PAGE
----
There have been very few studies that have linked demographic variables like age, gender, and work experience with the entrepreneurial intentions of an individual. Among the demographic variables influencing entrepreneurial intention, Orhan and Scott (2001) interestingly noted that women employees experiencing the glass ceiling effect tend to develop entrepreneurial intentions. Several other demographic variables like families, academics, career advisors, friends, successful entrepreneurs, and business people were also found to influence the decision to become an entrepreneur (Samuel, Ernest &Awuah, 2013). There have been contradictory results on the influence of demographic variables on

entrepreneurial intention. Hatak, Harms, and Fink, (2015)study noted that as employees age they are less inclined to act entrepreneurially whereas Kristiansen and Indrati (2004) noted that age, gender and educational background have no statistically significant impact on entrepreneurial intention.

Durrnat (2014) noted that there is a research gap in the area of formation of entrepreneurial intentions among individuals; the idea should be researched among entrepreneurs rather than potential entrepreneurs or students for that matter. After reviewing the literature on personality traits and entrepreneurial intention, the researchers have also come to an observation that many of the studies done using personality traits to predict entrepreneurial behavior and performance have been conducted among students, citizens of a country, established entrepreneurs etc. It has not yet been done among working professionals to predict the entrepreneurial intentions among them which would give more insightful information to organizations.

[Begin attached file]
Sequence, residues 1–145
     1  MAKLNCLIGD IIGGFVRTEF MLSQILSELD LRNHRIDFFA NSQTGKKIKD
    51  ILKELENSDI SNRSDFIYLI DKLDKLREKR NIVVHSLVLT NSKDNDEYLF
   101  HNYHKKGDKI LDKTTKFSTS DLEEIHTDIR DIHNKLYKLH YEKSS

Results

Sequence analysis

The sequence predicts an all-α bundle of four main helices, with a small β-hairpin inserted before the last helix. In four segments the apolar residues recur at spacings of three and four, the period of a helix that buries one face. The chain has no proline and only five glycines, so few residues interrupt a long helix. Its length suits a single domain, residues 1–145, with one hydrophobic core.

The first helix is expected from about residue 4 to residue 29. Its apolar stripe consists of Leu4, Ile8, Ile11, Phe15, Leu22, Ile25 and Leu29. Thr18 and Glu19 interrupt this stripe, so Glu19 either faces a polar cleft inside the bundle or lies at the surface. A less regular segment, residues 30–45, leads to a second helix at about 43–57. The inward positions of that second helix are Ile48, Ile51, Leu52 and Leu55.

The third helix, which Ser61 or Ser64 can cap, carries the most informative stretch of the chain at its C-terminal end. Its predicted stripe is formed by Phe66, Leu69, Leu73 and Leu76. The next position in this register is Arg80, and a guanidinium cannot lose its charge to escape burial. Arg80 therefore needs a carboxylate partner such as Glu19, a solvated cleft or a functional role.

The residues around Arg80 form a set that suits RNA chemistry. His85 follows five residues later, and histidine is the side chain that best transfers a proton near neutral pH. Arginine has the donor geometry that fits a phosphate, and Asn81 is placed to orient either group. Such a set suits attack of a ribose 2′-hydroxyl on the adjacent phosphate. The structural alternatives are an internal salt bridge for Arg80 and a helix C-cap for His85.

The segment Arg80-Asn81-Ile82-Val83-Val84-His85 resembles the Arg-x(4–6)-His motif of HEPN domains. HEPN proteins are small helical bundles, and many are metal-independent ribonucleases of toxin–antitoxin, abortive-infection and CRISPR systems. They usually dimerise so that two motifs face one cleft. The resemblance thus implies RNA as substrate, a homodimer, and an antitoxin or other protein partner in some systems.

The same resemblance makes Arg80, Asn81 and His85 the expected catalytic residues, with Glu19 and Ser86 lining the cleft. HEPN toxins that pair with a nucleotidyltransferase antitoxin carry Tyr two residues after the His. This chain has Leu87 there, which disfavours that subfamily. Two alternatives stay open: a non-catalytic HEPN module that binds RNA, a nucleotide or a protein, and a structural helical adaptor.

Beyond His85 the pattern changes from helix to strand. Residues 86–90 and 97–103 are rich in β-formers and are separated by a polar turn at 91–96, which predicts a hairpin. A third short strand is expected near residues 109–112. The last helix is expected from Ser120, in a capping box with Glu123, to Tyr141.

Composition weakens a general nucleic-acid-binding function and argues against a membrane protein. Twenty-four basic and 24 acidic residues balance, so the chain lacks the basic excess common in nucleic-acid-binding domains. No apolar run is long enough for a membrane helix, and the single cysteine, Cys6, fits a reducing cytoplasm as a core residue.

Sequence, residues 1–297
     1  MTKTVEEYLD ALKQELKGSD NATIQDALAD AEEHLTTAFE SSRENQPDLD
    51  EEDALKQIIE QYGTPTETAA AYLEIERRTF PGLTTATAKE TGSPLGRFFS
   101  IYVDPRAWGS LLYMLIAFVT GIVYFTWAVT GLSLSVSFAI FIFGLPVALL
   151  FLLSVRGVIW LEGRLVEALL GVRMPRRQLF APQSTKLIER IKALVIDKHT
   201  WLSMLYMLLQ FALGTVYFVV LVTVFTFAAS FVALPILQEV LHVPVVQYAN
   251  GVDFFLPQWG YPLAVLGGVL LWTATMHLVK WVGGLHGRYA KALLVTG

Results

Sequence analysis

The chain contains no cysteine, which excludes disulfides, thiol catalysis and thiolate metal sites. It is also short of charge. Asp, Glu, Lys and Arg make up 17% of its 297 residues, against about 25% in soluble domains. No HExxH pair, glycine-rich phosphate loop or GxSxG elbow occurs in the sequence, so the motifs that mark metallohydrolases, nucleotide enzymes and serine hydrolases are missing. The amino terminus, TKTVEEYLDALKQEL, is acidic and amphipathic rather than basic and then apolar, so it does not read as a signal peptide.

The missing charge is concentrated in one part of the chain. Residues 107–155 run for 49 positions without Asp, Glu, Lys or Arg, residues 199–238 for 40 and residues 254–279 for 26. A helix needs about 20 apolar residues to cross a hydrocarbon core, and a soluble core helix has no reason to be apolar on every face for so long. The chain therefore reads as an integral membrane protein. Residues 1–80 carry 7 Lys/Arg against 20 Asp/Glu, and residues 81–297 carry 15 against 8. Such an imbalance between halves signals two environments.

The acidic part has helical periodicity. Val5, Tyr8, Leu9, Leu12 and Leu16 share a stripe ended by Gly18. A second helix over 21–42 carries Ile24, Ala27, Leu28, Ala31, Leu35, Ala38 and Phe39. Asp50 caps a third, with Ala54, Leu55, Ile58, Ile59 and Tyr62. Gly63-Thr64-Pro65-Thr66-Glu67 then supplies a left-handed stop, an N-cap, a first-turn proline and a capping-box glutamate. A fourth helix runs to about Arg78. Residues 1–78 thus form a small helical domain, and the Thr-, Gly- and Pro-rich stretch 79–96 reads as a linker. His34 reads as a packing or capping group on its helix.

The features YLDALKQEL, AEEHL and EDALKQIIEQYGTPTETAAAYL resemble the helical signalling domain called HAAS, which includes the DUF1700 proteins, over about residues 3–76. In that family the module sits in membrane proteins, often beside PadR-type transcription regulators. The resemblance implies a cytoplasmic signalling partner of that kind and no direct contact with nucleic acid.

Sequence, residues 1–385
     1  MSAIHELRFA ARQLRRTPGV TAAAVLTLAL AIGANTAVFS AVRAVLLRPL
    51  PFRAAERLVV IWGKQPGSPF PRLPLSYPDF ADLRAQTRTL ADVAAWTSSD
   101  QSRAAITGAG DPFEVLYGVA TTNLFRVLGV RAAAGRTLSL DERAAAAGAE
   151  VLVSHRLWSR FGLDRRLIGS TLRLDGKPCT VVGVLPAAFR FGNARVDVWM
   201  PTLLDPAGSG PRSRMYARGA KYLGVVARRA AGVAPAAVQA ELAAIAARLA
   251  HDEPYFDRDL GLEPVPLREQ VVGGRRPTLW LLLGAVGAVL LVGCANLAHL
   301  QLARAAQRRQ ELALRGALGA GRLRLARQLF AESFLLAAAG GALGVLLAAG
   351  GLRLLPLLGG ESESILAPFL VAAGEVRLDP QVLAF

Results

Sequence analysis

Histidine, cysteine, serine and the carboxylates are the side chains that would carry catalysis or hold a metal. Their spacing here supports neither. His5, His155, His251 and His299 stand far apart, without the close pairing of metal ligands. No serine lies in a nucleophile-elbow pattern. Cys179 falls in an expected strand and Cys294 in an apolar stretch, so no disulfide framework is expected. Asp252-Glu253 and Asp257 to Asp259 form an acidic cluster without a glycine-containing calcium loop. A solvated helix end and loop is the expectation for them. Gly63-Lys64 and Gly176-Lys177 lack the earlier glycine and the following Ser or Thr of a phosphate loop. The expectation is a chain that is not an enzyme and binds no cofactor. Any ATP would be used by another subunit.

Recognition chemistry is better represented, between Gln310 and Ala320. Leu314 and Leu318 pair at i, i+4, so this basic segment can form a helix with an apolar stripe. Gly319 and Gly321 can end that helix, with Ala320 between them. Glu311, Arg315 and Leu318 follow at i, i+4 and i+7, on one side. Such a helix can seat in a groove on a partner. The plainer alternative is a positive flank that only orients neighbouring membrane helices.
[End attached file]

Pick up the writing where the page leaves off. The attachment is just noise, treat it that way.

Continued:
The work experience as a variable can be studied only among people who have been employed at least once in their life. There have been very few studies that compare such entrepreneurial activities and behaviors of people who belong to different cultures. Such a cross cultural study has been less undertaken by researchers. Because there are various social and demographic factors that influence an individual to take up business as an option to make money instead of employment.The literature on sociological front stresses on role models as individuals that someone models on how positively they feel about the role model. If an individual has a strong positive attitude towards an entrepreneurial role model, the individual will take on their normative behavior and attitudes as their own (Gnyawali&Fogel, 1994) which might be expected to lead the individual to see a greater perceived value of entrepreneurship. Based on the research gap identified, the present study attempts to understand the influence of big five personality factors on entrepreneurial intention among technical professionals in India. Thus the following hypothesis was formed,

H1: There is a relationship between big five personality factors (extraversion, openness to experience, agreeableness, openness to experience and neuroticism) and entrepreneurial intention.

METHODOLOGY

Sampling details